Ooh, I can’t wait to see your post on your mom’s chawan mushi!

    steph on April 16th, 2010 at 11:58 am
  5. You wrote: Divide the egg mixture between 4 shallow 1-cup bowls. Top with the egg mixture and wrap each bowl in plastic.

    It looks like you are only cooking the egg mixture so these instructions are confusing. What are you topping the egg mixture on to if not the egg mixture itself?

    Sorry, fixed! It was a typo.

    steph on April 16th, 2010 at 11:59 am

    Hey! The typo was NOT fixed. We all know the “extra”
    ingredients are in the cup FIRST, then the egg mixture
    on top!
    Suggestion: Like your idea to start with raw prawns. Cook gently till done, save the broth for daishi base. Add daishi no moto, soy sauce and mirin for a great broth.
    Suggestion2: Where’s the chicken? I debone chicken thigh, remove skin, cut into small 1/2-inch pieces. This insures thorough cooking.

    Martin Schwalbaum on February 20th, 2011 at 7:03 pm
  6. My favourite thing in the world (ok, one of…). So pretty! I have Chang’s recipe bookmarked too. “un-soy-sauce-savable” – brilliant! That should be the new ‘it’ foodie term!

    Hahaha, thanks Julia! They were some pretty horrible eggs. I’ve have so many experiments gone wrong in the kitchen!

    steph on April 18th, 2010 at 9:40 am
  7. May i know where to buy the dashi? (:

    Usually I just make the dashi, there are lots of recipes online. Otherwise, you can buy instant dashi powder at most Japanese/Asian grocery stores.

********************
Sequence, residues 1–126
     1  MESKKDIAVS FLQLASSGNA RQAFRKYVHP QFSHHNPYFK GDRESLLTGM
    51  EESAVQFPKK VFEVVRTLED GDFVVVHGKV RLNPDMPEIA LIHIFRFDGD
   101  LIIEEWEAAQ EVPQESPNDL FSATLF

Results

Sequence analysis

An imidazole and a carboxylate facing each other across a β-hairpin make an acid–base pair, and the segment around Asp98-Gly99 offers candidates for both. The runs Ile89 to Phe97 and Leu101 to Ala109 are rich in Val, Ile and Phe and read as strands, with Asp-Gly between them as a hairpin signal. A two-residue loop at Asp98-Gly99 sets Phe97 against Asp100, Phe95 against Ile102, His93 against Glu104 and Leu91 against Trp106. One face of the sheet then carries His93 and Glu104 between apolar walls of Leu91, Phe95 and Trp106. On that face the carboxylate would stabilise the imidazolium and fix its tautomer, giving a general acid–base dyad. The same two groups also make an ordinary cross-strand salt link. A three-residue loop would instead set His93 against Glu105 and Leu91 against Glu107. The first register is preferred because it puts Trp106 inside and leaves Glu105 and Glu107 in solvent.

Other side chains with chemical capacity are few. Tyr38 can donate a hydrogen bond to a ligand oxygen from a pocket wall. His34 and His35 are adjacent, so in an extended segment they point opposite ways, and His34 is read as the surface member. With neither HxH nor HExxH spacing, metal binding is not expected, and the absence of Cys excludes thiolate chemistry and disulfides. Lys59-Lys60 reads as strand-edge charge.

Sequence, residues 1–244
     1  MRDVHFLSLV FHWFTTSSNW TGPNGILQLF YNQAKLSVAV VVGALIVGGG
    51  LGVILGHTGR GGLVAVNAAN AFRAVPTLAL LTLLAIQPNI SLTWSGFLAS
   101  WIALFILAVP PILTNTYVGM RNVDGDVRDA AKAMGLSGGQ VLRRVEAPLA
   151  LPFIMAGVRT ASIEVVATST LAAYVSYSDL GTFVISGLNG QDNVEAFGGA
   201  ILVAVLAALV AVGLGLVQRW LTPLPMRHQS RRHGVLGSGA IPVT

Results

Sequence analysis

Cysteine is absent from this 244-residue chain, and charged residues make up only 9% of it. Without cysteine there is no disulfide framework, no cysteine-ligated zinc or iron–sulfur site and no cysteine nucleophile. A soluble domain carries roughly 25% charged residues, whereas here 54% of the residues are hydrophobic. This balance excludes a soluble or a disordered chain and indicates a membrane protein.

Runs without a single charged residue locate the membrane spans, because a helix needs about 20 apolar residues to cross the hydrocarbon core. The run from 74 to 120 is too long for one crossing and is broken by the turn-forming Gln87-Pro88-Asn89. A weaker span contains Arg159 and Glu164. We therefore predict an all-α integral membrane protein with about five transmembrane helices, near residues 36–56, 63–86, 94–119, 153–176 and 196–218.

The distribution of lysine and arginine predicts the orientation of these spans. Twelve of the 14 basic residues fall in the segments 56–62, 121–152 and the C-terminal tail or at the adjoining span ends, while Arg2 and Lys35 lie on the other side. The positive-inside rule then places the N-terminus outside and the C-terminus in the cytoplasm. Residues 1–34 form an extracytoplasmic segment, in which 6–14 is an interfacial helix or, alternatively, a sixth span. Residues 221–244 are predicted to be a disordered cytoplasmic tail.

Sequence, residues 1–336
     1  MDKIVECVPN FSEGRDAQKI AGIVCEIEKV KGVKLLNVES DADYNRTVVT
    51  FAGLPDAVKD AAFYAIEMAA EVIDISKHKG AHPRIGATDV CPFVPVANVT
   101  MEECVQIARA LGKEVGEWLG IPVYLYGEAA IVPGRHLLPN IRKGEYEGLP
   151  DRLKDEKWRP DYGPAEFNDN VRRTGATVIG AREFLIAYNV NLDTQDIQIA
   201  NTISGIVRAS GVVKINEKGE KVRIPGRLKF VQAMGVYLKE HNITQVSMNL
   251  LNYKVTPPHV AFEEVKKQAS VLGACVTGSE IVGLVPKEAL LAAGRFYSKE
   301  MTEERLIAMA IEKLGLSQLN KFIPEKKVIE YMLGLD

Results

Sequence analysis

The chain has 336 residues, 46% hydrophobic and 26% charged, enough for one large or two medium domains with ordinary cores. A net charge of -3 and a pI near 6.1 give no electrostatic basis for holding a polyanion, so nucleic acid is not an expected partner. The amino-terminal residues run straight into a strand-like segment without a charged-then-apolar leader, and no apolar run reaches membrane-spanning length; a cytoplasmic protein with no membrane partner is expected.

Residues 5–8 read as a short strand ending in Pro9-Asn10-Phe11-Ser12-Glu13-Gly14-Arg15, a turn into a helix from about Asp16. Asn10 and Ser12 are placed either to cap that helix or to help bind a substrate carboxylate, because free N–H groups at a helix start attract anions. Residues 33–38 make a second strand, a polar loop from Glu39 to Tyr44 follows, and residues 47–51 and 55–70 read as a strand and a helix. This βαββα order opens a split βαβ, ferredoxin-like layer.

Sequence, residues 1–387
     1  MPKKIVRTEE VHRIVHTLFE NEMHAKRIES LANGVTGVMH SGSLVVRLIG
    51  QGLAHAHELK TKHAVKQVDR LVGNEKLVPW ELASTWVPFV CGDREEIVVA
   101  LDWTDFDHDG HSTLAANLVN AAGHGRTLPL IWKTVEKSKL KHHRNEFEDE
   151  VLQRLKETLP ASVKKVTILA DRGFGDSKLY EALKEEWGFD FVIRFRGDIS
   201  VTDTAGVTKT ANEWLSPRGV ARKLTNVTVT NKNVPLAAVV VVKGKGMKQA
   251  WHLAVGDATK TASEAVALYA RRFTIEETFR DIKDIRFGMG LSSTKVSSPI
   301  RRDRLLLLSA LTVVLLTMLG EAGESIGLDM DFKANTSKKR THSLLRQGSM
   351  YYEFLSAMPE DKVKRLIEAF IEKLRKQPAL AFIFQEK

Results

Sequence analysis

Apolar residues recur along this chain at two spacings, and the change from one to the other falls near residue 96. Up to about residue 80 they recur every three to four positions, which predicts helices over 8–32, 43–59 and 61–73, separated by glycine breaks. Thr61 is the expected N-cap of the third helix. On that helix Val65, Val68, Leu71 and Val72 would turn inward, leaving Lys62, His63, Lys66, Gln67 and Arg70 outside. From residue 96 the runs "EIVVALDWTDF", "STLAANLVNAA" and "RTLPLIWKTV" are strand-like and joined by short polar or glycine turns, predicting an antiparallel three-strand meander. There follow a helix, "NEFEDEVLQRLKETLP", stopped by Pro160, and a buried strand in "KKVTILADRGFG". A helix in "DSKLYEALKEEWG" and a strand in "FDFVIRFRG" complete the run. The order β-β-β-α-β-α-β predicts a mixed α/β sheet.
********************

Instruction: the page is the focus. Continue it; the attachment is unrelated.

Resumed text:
steph on July 29th, 2010 at 10:40 am
  8. I can’t wait to try these! they look and sound divine. I love the dashi for umami, oyummy!!

    Dashi makes everything better! It’s the dashi that seasons the whole dish.

    steph on August 3rd, 2010 at 10:30 am
  9. I’m making my way through your archives (starting with the first post) and got to this one – I have a Taiwanese Do-Tong rice cooker, the kind where you put water in the pot with the rice, and on the outside the rice pot too.

    I generally beat the eggs in a bowl, add some salt and top off witch chicken broth, put it in with my rice on top of a separator-rack and push “On” … when the rice is done, the steamed egg is perfectly done also! And there must be some magic, because the egg has never been anything but perfectly smooth.

    I have never heard of that kind of rice cooker, but it sounds awesome if it makes rice and eggs at the same time!

    steph on September 19th, 2010 at 1:08 pm
  10. I love chawan mushi! My mom used to make it for us all the time, but for some reason she hasn’t made it recently. Thanks for reminding me to remind her to make some :]

  11. I modified both this and Chang’s recipes for Chawan Mushi to use the cashews, prawns, onion and shitake but also added finely slivered ham, which perfectly complements the dashi’s smokiness. And in my case, used an ancient but venerable Black & Decker electric food steamer with water added between the “Low” and “Medium” fill marks, at 17 minutes. Worked like a charm.

    Now this is a staple dish in our home for breakfast, lunch or tea, and consistently impresses guests. It’s also one of the only dishes my husband wants and will eat while ill, and nourishes healthfully. ;-)

  12. Hello! First time I stop by, but from the comments I’ll certainly come by often ;)

    I was intrigued as you said to put it straight away in the fridge (i guess for food safety reasons – any egg custard would need it…as ice cream!) and it’s always served hot in jap restaurants. how do you/your mother serve?

  13. 1

    I always love eating chawan-mushi. A simple dish but healthy and nourishing. My mother used to add some ‘ginang’ and salmon roes. Very divine, this is a dish that I refuse to share with others.

    Mira on August 14th, 2012 at 9:12 am
  14. I dont know wads is dash. Can any other ingredients be used?